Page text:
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An uncooked strand of spaghetti snaps easily, but an exotic substance known as “nuclear pasta” is a different story. Earlier this September, a paper published in the journal Physical Review Letters describes what may be the strongest material in the universe: nuclear pasta. It’s found deep inside neutron stars – the supermassive, dense remains of stars that have gone supernova. We’ve known about nuclear pasta for a while, but we haven’t really understood it until now. And while it probably won’t be the next big building material, it could help scientists understand how neutron stars behave.
Neutron stars are pretty wild objects! As a result, their insides are also pretty wild. For one, they have very brittle crust, which may break if put under enough strain. Just beneath that outer crust lies the nuclear pasta, which was first proposed in the 1980s. This material is formed at high pressures where the star’s neutrons and any surviving protons are compressed so much they start organizing themselves into some really odd shapes. For example, some form long strings, called spaghetti. Others form board-like shapes, called lasagna, gnocchi, or waffles. And for the record, those are all the technical terms! Scientists are great.
What is a Neutron Star?
But for a long time we’ve really had no idea what it meant for neutron stars to have nuclear pasta. Apart from its weird shapes and general composition, we didn’t know much about its characteristics. If the crust can break, then can the pasta break, too? As you can imagine, recreating such extreme density in a laboratory setting is not likely to happen. So, sadly, no one got to build a nuclear spaghetti-snapping machine. Instead, they took advantage of some powerful computer simulations and used those instead.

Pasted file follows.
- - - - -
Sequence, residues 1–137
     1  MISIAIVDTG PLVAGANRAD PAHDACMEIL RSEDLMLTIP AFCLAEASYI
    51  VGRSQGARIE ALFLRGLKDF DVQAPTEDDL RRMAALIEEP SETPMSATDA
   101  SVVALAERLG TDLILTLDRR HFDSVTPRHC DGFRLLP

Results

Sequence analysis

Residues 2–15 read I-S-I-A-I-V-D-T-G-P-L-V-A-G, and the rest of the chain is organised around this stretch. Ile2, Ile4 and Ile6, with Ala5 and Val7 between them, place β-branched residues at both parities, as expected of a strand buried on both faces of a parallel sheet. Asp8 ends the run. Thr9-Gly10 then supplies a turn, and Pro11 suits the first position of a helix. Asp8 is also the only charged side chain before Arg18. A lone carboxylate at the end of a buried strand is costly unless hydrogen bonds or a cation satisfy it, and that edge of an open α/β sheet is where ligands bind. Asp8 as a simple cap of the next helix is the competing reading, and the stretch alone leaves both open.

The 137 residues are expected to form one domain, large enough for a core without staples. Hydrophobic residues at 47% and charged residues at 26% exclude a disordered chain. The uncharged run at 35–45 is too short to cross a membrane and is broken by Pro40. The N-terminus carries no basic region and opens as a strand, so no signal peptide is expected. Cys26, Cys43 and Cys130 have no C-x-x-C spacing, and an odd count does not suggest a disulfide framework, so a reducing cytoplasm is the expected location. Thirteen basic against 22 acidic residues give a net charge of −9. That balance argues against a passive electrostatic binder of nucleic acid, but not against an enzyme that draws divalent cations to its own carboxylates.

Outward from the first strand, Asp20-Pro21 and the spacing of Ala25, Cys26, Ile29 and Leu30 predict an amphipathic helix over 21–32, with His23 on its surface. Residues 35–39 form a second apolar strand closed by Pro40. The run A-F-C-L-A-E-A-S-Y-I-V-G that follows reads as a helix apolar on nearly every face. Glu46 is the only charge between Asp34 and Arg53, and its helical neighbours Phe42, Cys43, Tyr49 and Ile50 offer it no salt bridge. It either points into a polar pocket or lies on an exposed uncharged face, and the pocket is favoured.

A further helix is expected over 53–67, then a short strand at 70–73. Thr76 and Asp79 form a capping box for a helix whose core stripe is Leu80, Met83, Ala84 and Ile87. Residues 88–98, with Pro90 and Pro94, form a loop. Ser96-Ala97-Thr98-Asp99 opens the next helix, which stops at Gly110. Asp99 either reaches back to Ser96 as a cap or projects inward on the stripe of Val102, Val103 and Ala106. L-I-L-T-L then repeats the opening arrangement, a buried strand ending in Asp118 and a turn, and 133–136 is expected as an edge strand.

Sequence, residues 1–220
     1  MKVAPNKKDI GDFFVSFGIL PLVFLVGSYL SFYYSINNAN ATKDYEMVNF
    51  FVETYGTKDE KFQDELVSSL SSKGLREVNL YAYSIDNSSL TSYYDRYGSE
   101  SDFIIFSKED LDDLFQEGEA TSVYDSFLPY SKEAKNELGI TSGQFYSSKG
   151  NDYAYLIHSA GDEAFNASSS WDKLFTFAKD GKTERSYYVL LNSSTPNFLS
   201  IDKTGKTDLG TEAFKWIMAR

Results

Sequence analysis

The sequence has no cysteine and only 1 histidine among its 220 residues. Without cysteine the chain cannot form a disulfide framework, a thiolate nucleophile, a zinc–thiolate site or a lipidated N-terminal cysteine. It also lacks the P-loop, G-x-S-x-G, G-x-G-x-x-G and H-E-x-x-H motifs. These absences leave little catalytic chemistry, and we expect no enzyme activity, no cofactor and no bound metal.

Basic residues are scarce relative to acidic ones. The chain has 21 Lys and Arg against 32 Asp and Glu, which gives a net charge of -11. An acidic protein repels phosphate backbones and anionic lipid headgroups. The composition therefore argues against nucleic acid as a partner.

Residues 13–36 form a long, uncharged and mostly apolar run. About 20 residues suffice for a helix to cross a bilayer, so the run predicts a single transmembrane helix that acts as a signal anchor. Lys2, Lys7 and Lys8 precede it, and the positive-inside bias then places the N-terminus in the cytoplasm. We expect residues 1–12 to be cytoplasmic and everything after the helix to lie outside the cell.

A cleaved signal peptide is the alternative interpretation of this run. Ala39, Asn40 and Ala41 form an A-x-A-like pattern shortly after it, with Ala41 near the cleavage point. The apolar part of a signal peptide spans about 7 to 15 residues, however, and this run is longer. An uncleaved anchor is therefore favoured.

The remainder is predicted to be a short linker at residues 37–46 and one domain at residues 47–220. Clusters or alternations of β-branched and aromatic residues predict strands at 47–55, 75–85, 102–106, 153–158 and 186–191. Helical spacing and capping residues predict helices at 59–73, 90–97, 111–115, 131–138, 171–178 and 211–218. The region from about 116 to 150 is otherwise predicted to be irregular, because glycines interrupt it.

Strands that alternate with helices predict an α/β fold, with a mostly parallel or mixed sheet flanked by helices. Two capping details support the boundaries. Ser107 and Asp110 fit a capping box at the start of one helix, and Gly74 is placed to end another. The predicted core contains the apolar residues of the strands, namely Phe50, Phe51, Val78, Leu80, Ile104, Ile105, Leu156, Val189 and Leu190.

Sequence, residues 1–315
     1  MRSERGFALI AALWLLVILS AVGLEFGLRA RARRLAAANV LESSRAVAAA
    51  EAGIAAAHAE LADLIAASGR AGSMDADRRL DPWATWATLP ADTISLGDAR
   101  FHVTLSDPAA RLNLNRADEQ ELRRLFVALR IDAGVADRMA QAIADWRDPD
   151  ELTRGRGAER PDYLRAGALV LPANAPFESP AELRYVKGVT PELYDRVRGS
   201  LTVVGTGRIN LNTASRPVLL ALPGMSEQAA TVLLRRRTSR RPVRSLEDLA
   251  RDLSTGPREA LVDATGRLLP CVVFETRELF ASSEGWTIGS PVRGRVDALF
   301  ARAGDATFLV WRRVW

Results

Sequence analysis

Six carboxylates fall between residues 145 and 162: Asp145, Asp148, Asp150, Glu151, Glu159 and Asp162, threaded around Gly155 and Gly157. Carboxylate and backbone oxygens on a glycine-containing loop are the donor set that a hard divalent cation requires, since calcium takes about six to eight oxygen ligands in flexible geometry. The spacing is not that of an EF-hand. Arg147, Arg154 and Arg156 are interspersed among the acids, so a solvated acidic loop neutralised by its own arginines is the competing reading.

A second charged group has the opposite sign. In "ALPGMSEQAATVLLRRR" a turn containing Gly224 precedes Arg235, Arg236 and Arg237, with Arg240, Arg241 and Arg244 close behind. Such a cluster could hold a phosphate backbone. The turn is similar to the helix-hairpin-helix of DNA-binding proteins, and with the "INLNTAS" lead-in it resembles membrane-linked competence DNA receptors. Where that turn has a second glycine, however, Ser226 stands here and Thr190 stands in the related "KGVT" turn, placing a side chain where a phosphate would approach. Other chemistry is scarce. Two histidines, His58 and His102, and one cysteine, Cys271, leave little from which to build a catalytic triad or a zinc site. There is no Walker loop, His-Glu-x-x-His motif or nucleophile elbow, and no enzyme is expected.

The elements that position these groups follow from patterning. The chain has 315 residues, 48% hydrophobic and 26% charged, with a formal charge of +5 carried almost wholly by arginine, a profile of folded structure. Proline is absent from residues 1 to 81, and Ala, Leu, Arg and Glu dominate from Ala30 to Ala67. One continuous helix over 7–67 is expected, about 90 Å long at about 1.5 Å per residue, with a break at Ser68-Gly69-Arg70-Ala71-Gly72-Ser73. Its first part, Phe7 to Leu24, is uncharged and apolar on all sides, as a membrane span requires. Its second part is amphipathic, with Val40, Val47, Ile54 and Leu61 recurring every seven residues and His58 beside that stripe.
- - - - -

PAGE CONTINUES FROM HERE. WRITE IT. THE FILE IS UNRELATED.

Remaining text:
In the effort to figure out what was going on out there, a team of scientists from McGill University, Indiana University, and the California Institute of Technology ran the largest-ever simulations of this material. They tested it under all kinds of stretching and strain, trying to get it to break. It turns out that it needed a lot of strain – more than it would take to snap any other material – making it potentially the strongest stuff in the universe. It would be ten billion times stronger than steel.
This pasta layer might also influence how the crust above it breaks. That means that when scientists get data from a neutron star’s crust, they might be able to figure out what’s going on in the pasta below! Of course, this is the only simulation of its kind that has been done so far, so there should be more news to come as scientists perform similar tests. But this is a big step forward in terms of neutron star research. And who doesn’t love pasta?
density: the level of compactness of a substance
neutrons: a subatomic particle with no charge (neutral charge)
neutron stars: supermassive, dense remains of stars that have gone supernova
protons: a stable, subatomic particle with a positive charge
supernova: the explosion of a huge star that suddenly increases greatly in brightness
Flesch-Kincaid Grade Level: 8.5 – Reading Ease: 65.4
Caplan, M. E., Schneider, A. S., & Horowitz, C. J. (4 Sept. 2018) “Elasticity of Nuclear Pasta.”
Physical Review Letters, California Institute of Technology, Indiana University, and
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